Virginia’s Fake Spring Spells Trouble For Confused Trees

March 1, 2023 · 5 minute read
Virginia’s Fake Spring Spells Trouble For Confused Trees

February has always been my least favorite month for a myriad of reasons.  None more than the oppressive grey skies that seem to never relent and the damp cold that permeates even the heaviest jackets.  Making you want nothing more than to stay inside, eat junk food, and dream about the spring that seems like it will never come.  February 2023 in Richmond was not the usual February, and I feel like I have been transported to Atlanta or the likes.  I grew up in Central Pennsylvania, and in my youth, winter was winter. But upon moving to Central Virginia in 2008, I realized that winter can be a chameleon in the Old Dominion.  There are always the jokes about 2 to 3 false Springs before it is genuinely Spring, and this year appears to be no different – except that it really is.

My first years in Virginia had me scratching my head over days in the 60s and 70s in the middle of January and February, as I told myself that this would somehow drastically damage the trees and shrubs.  I was convinced that even a small amount of warming in the winter could damage trees and their buds but really, it was the deep freezes that did the most damage.  Plants have adapted with a little insurance in the genetics, and most don’t start breaking bud the instant it gets warm.  They are cautious so they don’t waste energy or reproductive organs, i.e. flowers, to a late freeze, so it takes extended periods of warm weather to literally and figuratively get the juices flowing.  Even with some longer warm spells of one or two weeks in late winter, plants are still adapted to hold on before beginning growth.  It genuinely seems like this has all gone wrong this year.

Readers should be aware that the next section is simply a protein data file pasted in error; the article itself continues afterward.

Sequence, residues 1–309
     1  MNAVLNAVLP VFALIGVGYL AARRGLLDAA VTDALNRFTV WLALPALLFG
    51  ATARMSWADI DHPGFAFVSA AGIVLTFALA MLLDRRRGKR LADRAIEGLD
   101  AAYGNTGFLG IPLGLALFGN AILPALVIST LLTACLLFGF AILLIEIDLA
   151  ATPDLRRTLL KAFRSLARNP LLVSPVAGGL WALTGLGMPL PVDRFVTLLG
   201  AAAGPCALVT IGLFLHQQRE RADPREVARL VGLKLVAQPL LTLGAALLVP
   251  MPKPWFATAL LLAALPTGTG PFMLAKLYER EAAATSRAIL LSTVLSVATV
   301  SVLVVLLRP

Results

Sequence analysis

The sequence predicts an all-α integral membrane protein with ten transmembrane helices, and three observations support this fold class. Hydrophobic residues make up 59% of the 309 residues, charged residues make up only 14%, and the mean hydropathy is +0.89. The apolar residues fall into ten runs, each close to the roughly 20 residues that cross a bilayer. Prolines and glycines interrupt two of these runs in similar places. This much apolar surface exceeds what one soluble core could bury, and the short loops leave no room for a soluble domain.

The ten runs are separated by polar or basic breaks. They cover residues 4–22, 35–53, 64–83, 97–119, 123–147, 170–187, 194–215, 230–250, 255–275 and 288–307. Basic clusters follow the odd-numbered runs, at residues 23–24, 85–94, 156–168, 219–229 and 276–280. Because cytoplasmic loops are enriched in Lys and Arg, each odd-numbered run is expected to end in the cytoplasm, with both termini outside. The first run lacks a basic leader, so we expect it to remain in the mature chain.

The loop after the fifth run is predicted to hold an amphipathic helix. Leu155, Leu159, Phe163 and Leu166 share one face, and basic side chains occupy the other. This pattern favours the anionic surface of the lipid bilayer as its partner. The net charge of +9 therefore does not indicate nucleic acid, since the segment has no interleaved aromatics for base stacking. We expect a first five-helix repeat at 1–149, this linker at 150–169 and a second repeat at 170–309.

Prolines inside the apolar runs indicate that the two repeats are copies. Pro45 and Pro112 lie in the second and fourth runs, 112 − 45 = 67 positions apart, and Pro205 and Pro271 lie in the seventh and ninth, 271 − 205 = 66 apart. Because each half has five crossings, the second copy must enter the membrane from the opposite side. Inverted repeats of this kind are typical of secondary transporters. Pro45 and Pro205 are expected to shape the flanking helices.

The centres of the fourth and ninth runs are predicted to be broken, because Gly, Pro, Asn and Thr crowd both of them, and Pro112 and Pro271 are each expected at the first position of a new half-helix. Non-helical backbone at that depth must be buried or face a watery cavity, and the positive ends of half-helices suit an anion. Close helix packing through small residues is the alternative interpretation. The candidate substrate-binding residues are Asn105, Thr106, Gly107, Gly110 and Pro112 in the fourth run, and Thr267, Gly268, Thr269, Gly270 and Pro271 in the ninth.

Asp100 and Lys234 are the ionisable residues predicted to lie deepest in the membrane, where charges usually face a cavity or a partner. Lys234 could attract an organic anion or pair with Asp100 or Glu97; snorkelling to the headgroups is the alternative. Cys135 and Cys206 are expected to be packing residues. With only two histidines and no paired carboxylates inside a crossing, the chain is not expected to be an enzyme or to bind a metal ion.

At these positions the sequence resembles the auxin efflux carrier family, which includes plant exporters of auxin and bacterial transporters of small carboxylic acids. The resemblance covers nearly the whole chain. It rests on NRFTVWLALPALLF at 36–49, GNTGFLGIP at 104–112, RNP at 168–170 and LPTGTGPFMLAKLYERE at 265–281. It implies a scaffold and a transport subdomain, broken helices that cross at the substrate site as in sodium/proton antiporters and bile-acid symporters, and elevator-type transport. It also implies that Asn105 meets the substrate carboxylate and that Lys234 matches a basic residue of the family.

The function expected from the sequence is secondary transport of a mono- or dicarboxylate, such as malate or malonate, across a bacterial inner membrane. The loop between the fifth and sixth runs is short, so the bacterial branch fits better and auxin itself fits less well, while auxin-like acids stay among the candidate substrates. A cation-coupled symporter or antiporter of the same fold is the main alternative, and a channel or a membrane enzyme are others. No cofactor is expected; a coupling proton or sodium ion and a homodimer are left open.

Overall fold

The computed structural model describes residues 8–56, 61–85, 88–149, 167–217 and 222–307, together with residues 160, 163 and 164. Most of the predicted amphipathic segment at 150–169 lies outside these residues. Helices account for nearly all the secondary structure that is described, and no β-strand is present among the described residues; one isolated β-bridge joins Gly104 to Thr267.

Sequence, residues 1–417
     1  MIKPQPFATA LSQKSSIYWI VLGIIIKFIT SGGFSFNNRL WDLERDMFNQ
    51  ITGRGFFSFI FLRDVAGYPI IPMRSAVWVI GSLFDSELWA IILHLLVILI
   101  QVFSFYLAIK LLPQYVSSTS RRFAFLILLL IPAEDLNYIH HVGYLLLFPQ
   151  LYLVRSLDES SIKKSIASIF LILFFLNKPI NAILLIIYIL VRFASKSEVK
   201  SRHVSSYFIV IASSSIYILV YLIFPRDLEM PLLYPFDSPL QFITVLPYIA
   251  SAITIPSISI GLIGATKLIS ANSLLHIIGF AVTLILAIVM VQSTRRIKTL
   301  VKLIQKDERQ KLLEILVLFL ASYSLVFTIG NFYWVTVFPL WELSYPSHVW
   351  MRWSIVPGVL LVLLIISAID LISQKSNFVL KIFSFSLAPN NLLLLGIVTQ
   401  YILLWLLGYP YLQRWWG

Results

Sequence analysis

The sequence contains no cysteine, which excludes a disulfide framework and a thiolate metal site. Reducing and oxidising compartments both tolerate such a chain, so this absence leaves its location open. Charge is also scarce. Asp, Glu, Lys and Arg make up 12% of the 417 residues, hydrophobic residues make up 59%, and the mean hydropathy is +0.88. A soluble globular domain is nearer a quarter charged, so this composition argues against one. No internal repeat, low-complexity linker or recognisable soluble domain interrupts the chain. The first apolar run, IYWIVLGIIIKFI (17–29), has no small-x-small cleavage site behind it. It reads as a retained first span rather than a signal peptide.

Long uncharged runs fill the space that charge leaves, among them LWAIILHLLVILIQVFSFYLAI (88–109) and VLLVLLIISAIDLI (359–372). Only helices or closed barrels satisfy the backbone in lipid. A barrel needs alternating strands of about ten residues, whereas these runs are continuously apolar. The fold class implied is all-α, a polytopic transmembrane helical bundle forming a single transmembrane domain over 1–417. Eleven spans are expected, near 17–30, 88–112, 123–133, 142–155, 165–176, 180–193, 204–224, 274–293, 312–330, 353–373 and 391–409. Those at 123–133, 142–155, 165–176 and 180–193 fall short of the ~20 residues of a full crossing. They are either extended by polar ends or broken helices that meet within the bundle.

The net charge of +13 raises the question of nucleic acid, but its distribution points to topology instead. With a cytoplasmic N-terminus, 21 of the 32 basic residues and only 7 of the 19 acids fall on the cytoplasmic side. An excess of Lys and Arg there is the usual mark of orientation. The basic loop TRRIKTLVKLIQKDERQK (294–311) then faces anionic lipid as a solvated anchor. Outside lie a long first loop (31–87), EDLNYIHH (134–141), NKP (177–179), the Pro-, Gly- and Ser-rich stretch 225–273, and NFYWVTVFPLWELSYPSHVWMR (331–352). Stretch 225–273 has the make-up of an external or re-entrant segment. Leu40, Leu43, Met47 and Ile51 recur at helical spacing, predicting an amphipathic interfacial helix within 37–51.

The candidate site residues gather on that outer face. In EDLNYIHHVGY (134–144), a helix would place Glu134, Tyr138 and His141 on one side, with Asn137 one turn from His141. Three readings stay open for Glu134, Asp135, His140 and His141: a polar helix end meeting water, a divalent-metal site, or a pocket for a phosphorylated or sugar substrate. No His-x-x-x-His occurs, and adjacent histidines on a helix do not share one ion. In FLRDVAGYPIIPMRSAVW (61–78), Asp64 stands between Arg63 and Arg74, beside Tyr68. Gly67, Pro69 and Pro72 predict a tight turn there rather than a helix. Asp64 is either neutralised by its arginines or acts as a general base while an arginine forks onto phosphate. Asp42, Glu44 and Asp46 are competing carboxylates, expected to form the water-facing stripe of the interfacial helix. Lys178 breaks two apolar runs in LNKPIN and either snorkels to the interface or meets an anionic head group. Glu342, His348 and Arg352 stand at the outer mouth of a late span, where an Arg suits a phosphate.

While I have loved the warm weather and blossoming flowers, it has all felt wrong to me.  I know that we still have March to go through and I also know that Mother Nature is a fickle parent.  Watching Bradford Pears, Crabapples, Weeping Willows, and Red Maples push out and begin putting on leaves and flowers did not alarm me. It is frequent that these quick-to-start trees are often met with a late cold snap that burns back young leaves and flowers.  However, as I am now watching Sawtooth and Willow Oaks starting to break bud, I am becoming more and more concerned.  My concern was met with a harsh dose of reality when I saw the prediction that NOAA has for the last three weeks of March:

Twitter weather excerpt

Twitter weather excerpt

which is showing a 60%-70% probability of below average temperatures in that time period.  This means that with one to two more weeks of warm spring weather, plants will develop further and will then likely have the temperatures drop again.  While this is not deadly, it can cause many issues that we have not seen for quite some time.

Last year in late January I wrote a Tree Advice column